I really hope someone in the Mets front office was watching Yankees Old-Timers Day on Saturday because it was really good stuff. And it should spur the Mets to reinstate their own day to honor their veterans.
I was watching in a bar without sound, but even with those limitations, I could tell it was a really fun and emotional day. Seeing legends like Whitey Ford and Reggie Jackson, watching the tribute to the ailing Mel Stottlemyre — all I could think was “why can’t the Mets do this.”
The Mets used to have Old-Timers Day every year, but one year, it just disappeared.
“It was particularly unpopular as a promotion,” then-Mets executive vice president for baseball operations Dave Howard told The New York Times back in 2009. “We didn’t see an increase in ticket sales or interest from sponsors or even from people who already had tickets. It died of its own unpopularity in the early ’90s.”
That may be true then, but my guess is that it would be extremely popular now. The cynics say the Wilpons just do not want to spend the money to stage the event. Given their behavior, it would be hard to argue with that.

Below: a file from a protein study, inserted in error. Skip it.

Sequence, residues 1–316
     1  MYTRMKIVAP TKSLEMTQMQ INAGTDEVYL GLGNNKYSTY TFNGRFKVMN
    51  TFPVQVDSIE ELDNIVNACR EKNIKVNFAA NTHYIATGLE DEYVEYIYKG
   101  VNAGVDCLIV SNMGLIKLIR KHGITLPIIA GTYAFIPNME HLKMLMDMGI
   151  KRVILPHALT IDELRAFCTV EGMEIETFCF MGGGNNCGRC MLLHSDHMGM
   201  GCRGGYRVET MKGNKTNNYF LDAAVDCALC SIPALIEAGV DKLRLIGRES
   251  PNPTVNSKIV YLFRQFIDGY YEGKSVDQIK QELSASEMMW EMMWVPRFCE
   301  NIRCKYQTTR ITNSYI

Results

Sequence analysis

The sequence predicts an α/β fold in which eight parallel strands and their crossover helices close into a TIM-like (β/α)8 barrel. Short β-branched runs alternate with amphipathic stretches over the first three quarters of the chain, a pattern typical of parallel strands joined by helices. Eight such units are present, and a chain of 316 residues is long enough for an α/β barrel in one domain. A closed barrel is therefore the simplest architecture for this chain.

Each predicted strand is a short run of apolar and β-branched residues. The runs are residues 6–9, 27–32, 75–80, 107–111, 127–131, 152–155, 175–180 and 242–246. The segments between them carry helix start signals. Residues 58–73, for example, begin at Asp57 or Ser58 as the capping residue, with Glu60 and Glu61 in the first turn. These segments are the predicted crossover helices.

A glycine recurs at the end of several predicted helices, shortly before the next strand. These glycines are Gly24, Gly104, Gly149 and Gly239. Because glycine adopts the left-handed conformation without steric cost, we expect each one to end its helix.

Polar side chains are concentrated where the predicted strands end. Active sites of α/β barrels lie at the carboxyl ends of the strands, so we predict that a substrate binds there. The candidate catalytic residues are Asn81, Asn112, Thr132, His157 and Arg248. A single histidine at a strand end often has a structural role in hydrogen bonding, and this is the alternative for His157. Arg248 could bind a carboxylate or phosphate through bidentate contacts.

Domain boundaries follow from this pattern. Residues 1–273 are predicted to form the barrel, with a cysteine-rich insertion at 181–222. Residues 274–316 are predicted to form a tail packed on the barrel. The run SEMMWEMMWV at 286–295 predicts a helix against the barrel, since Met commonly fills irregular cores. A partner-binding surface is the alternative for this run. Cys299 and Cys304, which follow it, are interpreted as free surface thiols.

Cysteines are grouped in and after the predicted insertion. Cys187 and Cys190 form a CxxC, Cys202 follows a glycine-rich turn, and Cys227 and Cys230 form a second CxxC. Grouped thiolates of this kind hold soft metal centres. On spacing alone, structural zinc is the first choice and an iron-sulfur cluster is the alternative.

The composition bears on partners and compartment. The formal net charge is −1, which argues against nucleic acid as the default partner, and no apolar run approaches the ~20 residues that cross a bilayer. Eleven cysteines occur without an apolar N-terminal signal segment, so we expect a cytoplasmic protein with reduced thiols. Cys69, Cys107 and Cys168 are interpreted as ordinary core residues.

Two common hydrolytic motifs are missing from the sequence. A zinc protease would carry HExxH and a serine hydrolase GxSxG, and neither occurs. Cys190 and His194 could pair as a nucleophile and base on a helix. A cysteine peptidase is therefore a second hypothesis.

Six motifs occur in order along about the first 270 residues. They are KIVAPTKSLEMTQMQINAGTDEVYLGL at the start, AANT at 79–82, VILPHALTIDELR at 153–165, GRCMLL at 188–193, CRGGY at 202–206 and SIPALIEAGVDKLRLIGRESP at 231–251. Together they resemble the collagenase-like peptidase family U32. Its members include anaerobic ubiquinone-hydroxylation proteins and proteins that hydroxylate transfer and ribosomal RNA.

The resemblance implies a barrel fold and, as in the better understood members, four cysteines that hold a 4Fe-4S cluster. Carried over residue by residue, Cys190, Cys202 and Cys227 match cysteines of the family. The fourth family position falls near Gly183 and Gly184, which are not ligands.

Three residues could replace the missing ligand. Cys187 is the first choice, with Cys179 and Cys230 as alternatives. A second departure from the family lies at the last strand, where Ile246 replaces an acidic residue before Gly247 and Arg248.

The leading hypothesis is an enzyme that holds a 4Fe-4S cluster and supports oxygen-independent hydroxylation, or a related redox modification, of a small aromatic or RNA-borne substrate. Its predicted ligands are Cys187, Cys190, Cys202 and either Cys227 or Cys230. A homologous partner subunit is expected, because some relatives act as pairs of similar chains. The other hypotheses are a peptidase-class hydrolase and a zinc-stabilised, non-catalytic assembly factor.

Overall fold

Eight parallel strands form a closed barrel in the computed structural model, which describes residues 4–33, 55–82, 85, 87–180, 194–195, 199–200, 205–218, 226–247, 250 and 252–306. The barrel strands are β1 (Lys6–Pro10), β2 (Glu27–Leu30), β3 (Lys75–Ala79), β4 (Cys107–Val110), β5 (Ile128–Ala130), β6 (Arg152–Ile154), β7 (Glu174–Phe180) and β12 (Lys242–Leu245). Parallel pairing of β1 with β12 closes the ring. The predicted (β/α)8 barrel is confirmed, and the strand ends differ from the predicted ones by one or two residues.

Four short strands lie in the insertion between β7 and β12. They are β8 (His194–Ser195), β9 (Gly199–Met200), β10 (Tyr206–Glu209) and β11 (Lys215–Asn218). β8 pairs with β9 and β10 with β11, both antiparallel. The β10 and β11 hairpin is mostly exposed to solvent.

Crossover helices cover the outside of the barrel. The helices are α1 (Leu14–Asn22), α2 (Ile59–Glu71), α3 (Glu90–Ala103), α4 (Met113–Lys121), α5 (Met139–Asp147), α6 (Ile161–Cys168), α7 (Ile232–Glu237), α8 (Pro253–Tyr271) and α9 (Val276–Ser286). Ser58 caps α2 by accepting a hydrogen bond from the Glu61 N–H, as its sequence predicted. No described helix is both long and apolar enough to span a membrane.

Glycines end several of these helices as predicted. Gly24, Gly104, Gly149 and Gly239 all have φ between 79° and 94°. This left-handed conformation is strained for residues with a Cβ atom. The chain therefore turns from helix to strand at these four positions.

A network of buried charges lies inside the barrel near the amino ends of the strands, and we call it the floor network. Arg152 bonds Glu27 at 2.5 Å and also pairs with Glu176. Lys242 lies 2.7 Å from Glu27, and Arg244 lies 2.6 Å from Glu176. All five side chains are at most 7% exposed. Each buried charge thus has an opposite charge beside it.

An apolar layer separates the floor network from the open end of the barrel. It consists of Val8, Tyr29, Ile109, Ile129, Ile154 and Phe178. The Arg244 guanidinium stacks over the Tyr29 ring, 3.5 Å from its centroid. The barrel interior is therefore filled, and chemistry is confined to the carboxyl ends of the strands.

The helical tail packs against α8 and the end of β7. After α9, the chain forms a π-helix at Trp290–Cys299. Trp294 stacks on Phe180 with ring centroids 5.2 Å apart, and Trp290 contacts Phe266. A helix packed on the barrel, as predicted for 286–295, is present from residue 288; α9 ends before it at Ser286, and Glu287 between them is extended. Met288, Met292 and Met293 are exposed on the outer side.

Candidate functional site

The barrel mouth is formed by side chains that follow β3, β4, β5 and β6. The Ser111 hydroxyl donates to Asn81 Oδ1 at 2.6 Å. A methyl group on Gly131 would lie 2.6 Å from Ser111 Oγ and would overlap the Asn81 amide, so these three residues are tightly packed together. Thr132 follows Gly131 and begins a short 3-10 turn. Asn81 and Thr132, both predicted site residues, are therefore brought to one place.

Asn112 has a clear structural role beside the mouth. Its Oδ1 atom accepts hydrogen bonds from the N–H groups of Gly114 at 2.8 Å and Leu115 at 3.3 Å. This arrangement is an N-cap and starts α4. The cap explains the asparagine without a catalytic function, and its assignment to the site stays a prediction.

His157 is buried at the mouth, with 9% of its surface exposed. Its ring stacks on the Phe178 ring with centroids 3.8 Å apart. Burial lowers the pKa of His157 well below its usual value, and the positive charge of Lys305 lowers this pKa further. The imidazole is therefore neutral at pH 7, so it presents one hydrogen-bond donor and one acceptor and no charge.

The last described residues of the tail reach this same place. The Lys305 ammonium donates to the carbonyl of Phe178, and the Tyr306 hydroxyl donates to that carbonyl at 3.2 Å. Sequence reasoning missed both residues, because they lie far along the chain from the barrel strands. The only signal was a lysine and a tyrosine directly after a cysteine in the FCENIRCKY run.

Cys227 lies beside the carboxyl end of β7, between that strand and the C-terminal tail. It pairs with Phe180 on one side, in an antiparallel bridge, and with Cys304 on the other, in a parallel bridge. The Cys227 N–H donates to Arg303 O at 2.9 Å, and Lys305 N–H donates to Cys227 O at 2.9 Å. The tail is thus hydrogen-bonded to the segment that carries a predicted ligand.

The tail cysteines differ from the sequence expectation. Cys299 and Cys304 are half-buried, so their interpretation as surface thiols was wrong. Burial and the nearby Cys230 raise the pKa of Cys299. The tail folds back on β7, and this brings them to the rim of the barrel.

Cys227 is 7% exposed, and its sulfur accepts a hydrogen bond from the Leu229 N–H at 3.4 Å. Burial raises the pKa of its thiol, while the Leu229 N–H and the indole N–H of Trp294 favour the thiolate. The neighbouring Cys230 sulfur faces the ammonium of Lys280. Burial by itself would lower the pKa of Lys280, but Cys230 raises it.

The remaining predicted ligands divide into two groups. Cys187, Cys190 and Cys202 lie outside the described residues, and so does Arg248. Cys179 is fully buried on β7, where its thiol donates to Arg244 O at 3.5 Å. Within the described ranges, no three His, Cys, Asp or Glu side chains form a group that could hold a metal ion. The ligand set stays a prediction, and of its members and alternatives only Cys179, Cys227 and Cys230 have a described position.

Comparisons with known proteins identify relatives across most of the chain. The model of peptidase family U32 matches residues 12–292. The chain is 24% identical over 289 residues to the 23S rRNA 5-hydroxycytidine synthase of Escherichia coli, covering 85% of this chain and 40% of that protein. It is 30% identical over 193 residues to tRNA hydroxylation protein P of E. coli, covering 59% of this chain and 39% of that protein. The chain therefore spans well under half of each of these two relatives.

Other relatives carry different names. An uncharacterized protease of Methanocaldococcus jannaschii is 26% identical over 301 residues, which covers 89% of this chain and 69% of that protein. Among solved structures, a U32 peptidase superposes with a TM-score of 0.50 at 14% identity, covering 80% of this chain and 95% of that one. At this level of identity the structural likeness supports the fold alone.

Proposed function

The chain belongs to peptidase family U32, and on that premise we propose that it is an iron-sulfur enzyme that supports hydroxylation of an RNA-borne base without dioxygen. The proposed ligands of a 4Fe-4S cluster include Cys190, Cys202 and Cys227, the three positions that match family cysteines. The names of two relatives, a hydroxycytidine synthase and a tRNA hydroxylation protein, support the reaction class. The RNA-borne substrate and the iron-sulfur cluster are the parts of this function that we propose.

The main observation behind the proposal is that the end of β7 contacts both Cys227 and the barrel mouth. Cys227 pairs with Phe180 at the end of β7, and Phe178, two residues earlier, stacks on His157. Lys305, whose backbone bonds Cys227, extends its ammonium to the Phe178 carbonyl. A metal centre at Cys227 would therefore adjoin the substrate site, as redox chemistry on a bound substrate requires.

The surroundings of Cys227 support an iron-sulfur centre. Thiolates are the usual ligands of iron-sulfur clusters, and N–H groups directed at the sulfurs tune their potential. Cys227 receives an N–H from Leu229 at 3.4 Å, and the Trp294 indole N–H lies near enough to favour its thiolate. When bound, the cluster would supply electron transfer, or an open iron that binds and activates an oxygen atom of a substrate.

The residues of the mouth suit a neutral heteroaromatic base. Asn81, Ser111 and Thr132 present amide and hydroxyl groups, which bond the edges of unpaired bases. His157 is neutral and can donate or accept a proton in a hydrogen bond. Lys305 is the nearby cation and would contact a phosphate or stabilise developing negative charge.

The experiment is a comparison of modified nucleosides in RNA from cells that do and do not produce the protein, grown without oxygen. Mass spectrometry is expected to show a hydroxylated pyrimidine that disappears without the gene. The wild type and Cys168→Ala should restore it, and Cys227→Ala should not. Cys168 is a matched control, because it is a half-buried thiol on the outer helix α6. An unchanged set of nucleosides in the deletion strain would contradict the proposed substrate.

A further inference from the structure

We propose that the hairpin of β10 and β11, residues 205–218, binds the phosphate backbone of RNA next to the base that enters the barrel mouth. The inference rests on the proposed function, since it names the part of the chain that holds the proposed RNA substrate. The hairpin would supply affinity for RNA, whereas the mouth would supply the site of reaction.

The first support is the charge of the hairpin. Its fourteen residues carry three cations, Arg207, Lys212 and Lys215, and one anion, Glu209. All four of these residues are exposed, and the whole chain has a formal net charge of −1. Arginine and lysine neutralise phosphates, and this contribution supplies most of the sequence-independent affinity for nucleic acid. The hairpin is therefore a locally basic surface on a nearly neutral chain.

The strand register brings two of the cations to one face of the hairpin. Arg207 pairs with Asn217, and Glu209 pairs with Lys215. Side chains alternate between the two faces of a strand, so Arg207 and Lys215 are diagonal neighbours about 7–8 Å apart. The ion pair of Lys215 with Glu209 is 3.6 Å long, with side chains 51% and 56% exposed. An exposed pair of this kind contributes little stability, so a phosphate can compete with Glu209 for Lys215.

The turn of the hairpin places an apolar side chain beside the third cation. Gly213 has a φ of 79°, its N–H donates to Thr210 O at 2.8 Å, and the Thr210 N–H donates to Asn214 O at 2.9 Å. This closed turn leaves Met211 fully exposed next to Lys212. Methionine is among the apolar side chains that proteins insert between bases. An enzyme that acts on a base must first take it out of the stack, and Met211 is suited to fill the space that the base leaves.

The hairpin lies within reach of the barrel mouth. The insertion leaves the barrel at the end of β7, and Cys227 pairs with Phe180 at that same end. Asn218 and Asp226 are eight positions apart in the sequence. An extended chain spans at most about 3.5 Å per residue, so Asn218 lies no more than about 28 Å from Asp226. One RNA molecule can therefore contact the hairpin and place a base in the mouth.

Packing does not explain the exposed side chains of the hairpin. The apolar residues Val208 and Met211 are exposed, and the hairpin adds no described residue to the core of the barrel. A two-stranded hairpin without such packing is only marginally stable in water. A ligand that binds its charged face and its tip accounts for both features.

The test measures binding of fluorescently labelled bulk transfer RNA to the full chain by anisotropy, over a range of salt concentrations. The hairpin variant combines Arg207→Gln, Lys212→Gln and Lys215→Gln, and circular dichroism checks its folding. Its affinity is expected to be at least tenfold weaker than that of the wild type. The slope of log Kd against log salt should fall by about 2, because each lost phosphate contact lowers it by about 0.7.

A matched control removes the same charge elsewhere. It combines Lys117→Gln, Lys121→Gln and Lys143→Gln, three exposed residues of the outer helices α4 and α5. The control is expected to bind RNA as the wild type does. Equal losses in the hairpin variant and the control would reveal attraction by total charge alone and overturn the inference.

In my opinion, this goes to the Mets unfathomable unwillingness to embrace their history. From the Dodgers shrine that is Citi Field to not retiring player numbers, Mets management seems to not want to look back at the team’s past.
The Mets have been around for 50 years. They have been to four World Series, winning two of them. There have been some incredible memories, both good and bad, over the years. They should be celebrated, not ignored.
Mets fans would love to see Dave Kingman and John Olerud on the same field — maybe they would discuss who had the sweeter swing. Or Bud Harrelson and Rey Ordonez standing at shortstop together. Or Tom Seaver and Johan Santana — that would be a hell of a picture.
Mets fans love their team, and despite the Wilpons’s best efforts, they love their history. It is time for the team to finally honor it.